Cider Con ended with a “New Zealand Cidermakers Panel” that led directly into the “Grand Tasting and Commencement Toast”. Here our guest cider makers from New Zealand answered questions from Ciderologist Gabe Cook (http://www.theciderologist.com) and from the audience.
My favorite of these was Wild all the Way by Peckhams Cider(https://peckhams.co.nz/). This cider is a bit non-traditional in that a third of the juice is from Comice pears. All of the New Zealand ciders showed some real stylistic differences from other cider regions; this was great for me to learn as I went into Cider Con 2018 with virtuall no knowledge of a New Zealand cider culture. I didn't even know what I was missing.

The evening continued with generous sharing and good times. I spent it at a Hawaiian fusion restaurant with cider friends old and new eating coconut milk lobster bisque and vegetable tempura. Delightful!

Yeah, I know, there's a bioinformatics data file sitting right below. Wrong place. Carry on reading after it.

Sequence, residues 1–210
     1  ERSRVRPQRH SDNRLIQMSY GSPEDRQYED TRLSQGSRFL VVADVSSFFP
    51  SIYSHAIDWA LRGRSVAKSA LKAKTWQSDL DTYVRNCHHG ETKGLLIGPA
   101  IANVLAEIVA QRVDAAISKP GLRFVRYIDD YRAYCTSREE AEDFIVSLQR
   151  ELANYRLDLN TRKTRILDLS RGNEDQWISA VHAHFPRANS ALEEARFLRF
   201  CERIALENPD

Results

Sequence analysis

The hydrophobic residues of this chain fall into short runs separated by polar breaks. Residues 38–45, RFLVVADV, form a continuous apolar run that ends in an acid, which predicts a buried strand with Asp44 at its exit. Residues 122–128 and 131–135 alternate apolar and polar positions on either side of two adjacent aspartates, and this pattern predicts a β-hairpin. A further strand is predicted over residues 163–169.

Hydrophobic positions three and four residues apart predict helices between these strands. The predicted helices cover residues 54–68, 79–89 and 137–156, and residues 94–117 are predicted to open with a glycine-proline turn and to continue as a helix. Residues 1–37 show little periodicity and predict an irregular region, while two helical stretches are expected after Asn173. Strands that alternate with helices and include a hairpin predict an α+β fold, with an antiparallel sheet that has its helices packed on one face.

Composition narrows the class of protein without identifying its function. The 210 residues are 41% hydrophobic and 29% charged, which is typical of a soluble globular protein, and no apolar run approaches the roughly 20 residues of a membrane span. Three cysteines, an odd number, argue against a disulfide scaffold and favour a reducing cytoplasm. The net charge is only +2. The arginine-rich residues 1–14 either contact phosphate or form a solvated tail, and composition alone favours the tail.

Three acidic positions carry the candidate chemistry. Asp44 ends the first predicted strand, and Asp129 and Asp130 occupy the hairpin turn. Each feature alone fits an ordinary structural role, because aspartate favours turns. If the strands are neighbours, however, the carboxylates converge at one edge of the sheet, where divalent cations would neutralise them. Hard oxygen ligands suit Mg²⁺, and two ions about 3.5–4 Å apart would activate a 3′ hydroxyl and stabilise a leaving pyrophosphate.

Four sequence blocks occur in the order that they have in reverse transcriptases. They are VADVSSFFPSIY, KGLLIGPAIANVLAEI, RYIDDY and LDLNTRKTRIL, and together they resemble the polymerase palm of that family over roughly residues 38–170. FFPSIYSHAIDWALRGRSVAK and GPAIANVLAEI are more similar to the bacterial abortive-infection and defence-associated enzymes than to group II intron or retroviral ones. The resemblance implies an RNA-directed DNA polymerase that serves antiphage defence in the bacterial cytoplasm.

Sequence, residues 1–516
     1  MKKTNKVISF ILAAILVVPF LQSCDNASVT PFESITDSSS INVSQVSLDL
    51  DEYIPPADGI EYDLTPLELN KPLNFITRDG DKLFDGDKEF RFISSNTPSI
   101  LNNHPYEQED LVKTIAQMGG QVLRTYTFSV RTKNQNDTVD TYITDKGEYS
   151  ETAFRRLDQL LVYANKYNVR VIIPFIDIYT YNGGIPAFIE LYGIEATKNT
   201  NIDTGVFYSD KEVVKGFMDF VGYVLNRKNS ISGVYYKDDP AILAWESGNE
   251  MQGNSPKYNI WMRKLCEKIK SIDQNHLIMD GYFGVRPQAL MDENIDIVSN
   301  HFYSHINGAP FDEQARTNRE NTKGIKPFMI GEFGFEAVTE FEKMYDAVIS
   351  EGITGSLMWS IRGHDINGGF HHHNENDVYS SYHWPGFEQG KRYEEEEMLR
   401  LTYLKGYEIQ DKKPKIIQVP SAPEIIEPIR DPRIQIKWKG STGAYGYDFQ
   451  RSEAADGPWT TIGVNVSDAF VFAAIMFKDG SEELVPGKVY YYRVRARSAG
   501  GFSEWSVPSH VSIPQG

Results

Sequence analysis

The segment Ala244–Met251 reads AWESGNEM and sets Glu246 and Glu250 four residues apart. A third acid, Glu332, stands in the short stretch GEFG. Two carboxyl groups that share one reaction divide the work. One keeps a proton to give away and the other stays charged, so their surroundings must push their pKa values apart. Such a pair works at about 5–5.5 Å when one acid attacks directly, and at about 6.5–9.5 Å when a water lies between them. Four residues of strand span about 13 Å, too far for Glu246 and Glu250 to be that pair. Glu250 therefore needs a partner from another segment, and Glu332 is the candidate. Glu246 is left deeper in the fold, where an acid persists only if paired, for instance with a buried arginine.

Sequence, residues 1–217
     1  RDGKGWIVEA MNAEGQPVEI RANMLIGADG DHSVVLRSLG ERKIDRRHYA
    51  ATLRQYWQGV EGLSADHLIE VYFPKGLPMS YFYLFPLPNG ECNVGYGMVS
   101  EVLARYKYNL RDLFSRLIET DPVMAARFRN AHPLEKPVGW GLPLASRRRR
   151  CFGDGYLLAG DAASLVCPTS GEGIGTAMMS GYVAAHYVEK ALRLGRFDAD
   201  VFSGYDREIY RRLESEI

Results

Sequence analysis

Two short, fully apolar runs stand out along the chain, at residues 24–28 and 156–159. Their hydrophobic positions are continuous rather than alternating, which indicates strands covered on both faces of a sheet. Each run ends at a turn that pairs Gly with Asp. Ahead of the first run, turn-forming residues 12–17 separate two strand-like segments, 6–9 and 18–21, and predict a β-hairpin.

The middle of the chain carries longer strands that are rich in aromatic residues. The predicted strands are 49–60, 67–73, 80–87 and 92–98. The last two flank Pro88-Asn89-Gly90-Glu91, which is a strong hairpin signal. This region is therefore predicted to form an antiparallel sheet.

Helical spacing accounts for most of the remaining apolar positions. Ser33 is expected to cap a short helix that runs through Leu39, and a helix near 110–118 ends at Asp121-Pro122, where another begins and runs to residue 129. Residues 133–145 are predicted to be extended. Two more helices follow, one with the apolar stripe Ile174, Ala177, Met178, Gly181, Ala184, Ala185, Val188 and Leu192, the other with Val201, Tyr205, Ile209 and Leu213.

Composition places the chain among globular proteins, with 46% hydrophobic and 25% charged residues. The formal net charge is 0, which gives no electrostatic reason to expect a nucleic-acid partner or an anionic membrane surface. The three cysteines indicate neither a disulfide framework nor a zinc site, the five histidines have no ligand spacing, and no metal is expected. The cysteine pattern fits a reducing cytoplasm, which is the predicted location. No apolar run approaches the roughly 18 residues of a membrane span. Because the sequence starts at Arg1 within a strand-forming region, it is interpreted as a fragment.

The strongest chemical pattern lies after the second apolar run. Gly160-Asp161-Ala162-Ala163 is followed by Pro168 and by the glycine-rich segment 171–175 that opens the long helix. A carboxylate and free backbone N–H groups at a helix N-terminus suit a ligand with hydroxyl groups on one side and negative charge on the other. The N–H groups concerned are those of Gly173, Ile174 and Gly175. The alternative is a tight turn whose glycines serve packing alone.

What's next you might, ask. The Gathering of the Farm Cideries in Albany!

At this sold out event, 17 New York State Cideries will be sampling there wares under one roof! I'll be on the scene with some beverage industry friends to scope and sip and tell you all about it!

Tuesday, February 6, 2018

Cider Con 2018 Pt 1: Eden Specialty Ciders, Eve's Cidery, Redbyrd Orchard Cider, Snowdrift Cider Co.

CiderCon has to be one of my favorite events in the cider year! I get to catch up with friends from all over the country (and some from even further afield), attend professional workshops and classes, meet new cider folks, and taste ciders I would never ordinarily have access to. Pure pomme bliss.